“This must be paradise!” I thought, gently floating on my surfboard, surrounded by turquoise waters and an empty beach. The winds took a day off and the waves in synchronicity decided to be kind too.
Think about a beach, surrounded by a high wall of rock, no one would notice it’s there until they walk to the cliff edge and look down …
The island’s moon-like nature resembles a desert. Numerous extinct volcanoes shape the landscape but never reach towards to sky. Perhaps that’s why it rarely rains here. Fuerteventura has a very pleasant climate, it’s warm here all-year-round. But if you stay longer, you can get slightly irritated by the strong winds, blowing mostly from the north.
The name Fuerteventura offers various explanations. Fuerte means ‘strong’, but the meaning of ventura might be translated as luck, happiness, wind or adventure, well take your pick! Those countless days, when I carried my surfboard from El Cotillo beach, back to the tows, facing north, strong winds pushing into my board, making it super hard in every step I took, I was pretty sure, I know the meaning of that word.
Puertito de los Molinos
Enjoy taking a dip into the natural rock pools with turquoise waters. The rocky formations protect you from Fuerteventura’s strong winds and you can properly soak in the warmth from the sun. The ocean behind the rocks can be pretty wild at times. Especially with approaching high tide, I advise not to stand too close to the edges. You could easily get splashed by the broken waves from head to toes.
Further down south, there is a village called Ajuy. Only a few settlements scattered around this beautiful, yet dangerously looking beach. Ajuy is believed to be one of the most romantic spots in Fuerteventura, a perfect spot to watch the sunset. If you decide to explore the nearby caves, you won’t regret, there are plenty of mysterious spots, some of them leading to an open window in the rock, directly facing the wild ocean.
There’s something mysterious about Cofete beach. This well-hidden, solitary spot can be found at the south of the island. It is well protected by high mountains of Jandia. This breathtakingly beautiful 3 km long beach looks tempting but its high waves and the strong current can be treacherous.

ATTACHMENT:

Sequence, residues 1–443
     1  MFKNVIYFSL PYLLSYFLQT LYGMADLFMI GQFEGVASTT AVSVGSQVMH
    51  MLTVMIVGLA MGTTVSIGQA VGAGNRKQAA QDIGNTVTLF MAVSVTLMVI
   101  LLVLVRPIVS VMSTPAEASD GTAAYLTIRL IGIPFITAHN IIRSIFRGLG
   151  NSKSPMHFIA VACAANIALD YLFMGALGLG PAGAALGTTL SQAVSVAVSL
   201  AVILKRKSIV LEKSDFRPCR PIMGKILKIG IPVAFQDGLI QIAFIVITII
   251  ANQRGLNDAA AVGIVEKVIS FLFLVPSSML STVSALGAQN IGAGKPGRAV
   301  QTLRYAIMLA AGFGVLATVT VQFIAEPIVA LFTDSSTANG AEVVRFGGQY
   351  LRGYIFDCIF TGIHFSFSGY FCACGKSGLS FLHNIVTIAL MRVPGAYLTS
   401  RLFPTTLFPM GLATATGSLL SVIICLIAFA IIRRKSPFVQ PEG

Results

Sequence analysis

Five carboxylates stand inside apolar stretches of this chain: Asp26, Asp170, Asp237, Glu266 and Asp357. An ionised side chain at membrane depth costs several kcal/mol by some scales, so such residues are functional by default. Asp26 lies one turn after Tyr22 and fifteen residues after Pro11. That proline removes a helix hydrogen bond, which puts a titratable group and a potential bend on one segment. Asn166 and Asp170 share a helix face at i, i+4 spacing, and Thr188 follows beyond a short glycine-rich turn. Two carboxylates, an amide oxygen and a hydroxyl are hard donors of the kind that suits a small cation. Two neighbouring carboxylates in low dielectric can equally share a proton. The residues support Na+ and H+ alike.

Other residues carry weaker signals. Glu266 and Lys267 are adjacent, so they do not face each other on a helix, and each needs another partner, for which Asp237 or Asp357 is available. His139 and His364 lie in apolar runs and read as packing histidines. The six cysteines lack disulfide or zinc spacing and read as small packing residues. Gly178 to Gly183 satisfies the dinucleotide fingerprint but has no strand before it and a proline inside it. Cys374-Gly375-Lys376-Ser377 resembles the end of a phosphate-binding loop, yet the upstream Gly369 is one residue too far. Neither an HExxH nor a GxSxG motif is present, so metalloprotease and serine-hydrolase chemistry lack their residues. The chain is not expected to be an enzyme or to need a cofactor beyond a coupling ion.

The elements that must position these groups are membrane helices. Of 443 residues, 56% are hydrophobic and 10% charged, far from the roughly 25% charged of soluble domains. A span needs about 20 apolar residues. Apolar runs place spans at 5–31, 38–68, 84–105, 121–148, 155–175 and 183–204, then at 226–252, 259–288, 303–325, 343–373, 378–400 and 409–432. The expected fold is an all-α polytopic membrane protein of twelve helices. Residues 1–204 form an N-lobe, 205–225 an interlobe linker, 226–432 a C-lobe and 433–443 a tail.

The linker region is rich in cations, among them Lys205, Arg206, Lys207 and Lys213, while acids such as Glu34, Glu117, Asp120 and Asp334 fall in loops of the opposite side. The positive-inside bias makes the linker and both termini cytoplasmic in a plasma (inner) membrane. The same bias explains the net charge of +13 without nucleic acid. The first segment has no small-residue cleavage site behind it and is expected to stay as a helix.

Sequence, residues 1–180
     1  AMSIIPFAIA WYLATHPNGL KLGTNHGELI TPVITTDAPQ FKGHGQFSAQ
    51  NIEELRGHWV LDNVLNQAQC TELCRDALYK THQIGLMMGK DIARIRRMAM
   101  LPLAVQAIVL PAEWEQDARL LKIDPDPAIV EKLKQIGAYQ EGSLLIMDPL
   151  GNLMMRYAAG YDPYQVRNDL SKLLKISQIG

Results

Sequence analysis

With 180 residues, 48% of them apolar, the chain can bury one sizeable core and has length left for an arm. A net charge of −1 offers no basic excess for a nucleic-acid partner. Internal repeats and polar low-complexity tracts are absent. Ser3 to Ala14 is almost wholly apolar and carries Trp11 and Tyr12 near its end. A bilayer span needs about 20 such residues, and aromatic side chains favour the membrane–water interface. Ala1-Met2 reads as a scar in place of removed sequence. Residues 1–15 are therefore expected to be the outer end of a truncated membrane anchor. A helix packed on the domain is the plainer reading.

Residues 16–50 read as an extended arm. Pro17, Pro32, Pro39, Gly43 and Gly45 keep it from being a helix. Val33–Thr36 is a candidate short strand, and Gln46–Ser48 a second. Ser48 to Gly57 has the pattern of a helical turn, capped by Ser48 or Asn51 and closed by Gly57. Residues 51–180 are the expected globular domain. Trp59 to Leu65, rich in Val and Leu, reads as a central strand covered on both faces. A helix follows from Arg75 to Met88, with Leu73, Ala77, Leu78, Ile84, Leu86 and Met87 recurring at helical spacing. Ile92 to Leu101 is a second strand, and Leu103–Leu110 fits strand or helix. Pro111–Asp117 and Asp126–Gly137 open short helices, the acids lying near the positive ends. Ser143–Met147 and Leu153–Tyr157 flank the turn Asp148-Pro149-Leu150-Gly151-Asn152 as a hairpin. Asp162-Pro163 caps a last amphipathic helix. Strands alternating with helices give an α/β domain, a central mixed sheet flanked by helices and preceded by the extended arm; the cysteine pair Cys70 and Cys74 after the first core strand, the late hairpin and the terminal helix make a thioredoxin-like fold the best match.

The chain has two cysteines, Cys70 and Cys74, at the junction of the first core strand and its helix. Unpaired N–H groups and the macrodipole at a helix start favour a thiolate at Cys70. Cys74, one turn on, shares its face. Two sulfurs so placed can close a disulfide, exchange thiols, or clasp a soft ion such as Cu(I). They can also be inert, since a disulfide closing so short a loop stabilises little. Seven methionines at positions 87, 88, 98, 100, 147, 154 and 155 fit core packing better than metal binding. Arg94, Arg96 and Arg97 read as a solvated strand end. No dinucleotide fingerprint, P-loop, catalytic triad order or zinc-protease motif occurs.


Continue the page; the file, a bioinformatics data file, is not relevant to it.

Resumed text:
This mysterious building was built by a german Gustav Winter, presumably to serve as a military base for the Third Reich. The legend says that the villa was connected to the sea through an extended, volcanic cave system and that way provided a safe secret passage to German submarines during World War II. Many famous war criminals are said to have undergone a cosmetic surgery here so they could escape to South America without being recognized and the surgeons never lived too long to tell anyone about them.
Exploring the southernmost end
It is quite a drive from Cofete and to the south end of the island. You have to be prepared for miles and miles of curvy dirt roads. When passing cars in the opposite direction, you might get a peek of the deep void below and you slowly climb up into the mountain pass. The southernmost point of the island is Faro de Punta Jandía:
… but if you keep driving, on an even sketchier dirt road, you’ll find an abandoned lighthouse Faro Punta Pesebre and a beautiful rocky beach that faces Cofete beach, you can eve see Villa Winter from here.
I spent a few weeks in Corralejo because it has a co-working space with good internet. The town also offers plenty of shops and restaurants, even the beaches are not too far from the centre. It was quite hard to find waves to surf here. Although sometimes, at high tide, there is a fun wave right next to the ferry port.
Right outside of Corralejo, there is Parque Natural de las Dunas de Corralejo – 11 km long dune area with beaches with fine sand, contrasting with turquoise waters and rolling waves. This place is great for an afternoon chill by the beach, or if you dare, it’s also perfect for kiteboarding. If you like cycling, getting here is fast and easy. But because of the wind that kite surfers love so much, it is a real workout to bike back to Corralejo.
El Cotillo (home is where your heart is)
This lovely town became my home both times that I visited Fuerteventura. And even when exploring the rest of the island, I was looking forward to coming back home, to El Cotillo in the end. El Cotillo is mainly locals and only a few tourists come here. In its essence, it remains pure and beautiful.
It has a beautiful set of beaches right outside of town. You can surf in most of them, but many times, the waves get pretty rough here. Most of the times, the beaches are not overcrowded but if you’re willing to keep walking further south and dare to explore new routes and secret paths, you can get rewarded by an empty beach. Well, nearly. I shared it with seagulls and chipmunks (who finished my snack).
The best part about exploring an island i discovering secret beaches, the ones only locals know about.
Yes, El Cotillo is a sunset beach. It is the best reward after a long day, when the winds finally cease down and the sun doesn’t burn as much, to enjoy that peaceful moment and watch the sun sink into the endless ocean.